After testing single product ad groups across several clients, CPC Strategy found that in most cases the approach hurt ROI. In one case study, CPC Strategy restructured the PLA campaign for their client, Clean It Supply, into single SKU ad groups to compare before and after performance. Compared to the previous period, in the three week after implementing the single SKU structure, in conjunction with campaign automation:

  • Traffic fell 34 percent
  • Revenue was off 57 percent
  • Average order value was down 58 percent
  • Conversion rates dropped 36 percent

Performance rebounded after reverting back to CPC Strategy’s standard PLA management.

Advocating Mixed Strategy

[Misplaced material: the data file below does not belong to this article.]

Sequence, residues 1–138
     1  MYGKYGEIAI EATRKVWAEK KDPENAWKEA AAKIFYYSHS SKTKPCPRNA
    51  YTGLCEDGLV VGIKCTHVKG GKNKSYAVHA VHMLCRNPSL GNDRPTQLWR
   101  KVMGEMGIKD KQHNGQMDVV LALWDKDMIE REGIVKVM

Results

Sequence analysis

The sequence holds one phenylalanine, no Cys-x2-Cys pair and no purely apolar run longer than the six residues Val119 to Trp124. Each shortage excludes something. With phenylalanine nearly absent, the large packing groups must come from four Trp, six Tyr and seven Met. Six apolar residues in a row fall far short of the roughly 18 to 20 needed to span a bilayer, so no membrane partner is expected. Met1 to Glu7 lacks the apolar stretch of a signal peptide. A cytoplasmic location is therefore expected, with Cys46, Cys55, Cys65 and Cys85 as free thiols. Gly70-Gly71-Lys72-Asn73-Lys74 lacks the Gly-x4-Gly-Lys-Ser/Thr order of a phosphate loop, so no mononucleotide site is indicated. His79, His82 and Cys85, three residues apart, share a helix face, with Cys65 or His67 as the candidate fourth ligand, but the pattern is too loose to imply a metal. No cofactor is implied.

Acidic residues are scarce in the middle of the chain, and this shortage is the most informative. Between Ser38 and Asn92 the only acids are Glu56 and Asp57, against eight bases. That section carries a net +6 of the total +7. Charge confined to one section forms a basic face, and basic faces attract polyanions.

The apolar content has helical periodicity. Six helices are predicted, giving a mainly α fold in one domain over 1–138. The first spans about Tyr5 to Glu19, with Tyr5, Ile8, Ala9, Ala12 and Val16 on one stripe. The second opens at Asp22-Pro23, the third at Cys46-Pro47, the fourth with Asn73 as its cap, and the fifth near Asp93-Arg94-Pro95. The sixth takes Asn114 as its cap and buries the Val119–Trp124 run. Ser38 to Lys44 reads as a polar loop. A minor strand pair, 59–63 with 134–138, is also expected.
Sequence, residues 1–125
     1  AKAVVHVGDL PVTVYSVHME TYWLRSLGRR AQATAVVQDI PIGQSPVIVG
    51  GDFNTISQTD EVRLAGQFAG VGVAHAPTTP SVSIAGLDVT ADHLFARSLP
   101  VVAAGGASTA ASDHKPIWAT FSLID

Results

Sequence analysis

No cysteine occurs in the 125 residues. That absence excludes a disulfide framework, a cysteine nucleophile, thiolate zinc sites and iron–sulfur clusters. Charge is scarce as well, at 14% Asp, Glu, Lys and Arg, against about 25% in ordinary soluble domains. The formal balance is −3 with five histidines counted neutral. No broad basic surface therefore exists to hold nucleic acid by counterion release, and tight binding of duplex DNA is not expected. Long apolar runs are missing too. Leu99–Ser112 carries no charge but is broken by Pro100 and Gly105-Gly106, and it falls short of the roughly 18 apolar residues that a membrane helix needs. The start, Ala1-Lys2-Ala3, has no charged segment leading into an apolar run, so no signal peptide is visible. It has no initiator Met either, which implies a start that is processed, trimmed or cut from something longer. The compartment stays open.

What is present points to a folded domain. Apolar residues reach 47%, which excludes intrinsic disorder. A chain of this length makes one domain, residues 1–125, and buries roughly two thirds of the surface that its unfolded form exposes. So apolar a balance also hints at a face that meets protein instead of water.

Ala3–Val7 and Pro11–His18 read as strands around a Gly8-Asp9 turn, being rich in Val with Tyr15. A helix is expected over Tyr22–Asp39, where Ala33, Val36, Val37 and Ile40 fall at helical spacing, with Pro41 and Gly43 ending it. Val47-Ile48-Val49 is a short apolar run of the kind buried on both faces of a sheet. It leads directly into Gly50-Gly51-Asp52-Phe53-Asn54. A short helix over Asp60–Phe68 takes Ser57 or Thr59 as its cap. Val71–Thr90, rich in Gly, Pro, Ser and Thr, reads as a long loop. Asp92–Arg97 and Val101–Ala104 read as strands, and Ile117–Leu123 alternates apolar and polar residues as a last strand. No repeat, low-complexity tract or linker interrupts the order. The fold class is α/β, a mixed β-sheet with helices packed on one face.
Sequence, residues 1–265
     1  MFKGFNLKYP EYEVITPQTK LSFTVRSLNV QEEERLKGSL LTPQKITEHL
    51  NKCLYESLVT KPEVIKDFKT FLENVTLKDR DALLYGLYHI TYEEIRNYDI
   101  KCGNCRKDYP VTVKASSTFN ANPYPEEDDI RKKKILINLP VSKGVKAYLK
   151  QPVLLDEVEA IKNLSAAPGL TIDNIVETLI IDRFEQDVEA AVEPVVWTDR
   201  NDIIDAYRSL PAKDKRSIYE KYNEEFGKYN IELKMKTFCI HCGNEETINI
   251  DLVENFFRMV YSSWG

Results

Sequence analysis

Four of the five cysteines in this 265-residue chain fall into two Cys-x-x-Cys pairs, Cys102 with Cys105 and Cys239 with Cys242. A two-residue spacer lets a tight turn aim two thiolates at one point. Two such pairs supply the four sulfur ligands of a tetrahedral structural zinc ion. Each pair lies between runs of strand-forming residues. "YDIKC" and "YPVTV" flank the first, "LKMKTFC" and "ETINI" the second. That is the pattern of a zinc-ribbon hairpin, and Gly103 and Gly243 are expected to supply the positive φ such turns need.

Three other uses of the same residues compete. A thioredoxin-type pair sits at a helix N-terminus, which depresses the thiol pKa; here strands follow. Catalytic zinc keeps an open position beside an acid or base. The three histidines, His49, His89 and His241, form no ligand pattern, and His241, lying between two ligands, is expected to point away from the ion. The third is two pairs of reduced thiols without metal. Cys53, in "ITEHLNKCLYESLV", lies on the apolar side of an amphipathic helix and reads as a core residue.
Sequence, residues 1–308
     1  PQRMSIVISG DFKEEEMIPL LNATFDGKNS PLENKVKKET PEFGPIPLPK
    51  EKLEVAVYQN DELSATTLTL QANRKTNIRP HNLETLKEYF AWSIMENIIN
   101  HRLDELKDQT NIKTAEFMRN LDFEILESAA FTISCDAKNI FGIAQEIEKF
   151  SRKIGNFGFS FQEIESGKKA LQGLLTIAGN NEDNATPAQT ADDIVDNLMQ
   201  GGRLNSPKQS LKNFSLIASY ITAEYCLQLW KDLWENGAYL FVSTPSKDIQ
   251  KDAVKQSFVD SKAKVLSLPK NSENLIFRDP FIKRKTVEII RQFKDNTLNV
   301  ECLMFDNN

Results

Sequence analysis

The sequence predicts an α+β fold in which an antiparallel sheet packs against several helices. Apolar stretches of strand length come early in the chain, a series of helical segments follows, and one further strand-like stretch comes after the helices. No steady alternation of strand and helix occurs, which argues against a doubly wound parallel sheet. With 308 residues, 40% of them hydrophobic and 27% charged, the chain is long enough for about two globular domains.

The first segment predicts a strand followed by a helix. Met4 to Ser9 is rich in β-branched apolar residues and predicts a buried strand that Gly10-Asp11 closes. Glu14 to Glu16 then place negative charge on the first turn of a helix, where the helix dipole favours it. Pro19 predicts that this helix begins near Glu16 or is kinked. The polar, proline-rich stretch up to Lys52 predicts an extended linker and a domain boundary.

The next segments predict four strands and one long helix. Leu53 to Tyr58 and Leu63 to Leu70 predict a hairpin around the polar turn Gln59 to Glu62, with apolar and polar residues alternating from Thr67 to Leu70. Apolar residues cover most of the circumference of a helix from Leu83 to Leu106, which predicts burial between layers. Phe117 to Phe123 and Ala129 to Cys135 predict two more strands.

CPC Strategy does recommend creating single product ad groups for top performing products when an item stands out among a group of related products. The advertiser should pick that item out of the ad group and place it in it’s own ad group at a higher bid and monitor it manually. Yet, even then, CPC Strategy contends that the retailer should be prepared to add it back into the theme-based ad group if performance doesn’t improve with separation.

The company recommends creating a Top Performers ad group, typically limited to the top 10 percent of inventory to maximize volume and ROI. That 10 percent number might cause raised eyebrows — that’s potentially a very large number of products in an ad group.